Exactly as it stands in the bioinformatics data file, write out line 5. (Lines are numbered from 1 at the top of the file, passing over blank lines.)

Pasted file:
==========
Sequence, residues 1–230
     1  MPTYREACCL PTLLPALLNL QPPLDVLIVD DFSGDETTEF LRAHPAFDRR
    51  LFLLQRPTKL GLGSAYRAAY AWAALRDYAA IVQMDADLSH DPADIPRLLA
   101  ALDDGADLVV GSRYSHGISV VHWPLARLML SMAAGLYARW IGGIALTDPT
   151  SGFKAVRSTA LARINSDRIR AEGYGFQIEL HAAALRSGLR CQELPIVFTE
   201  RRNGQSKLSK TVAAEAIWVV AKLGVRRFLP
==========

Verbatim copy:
   151  SGFKAVRSTA LARINSDRIR AEGYGFQIEL HAAALRSGLR CQELPIVFTE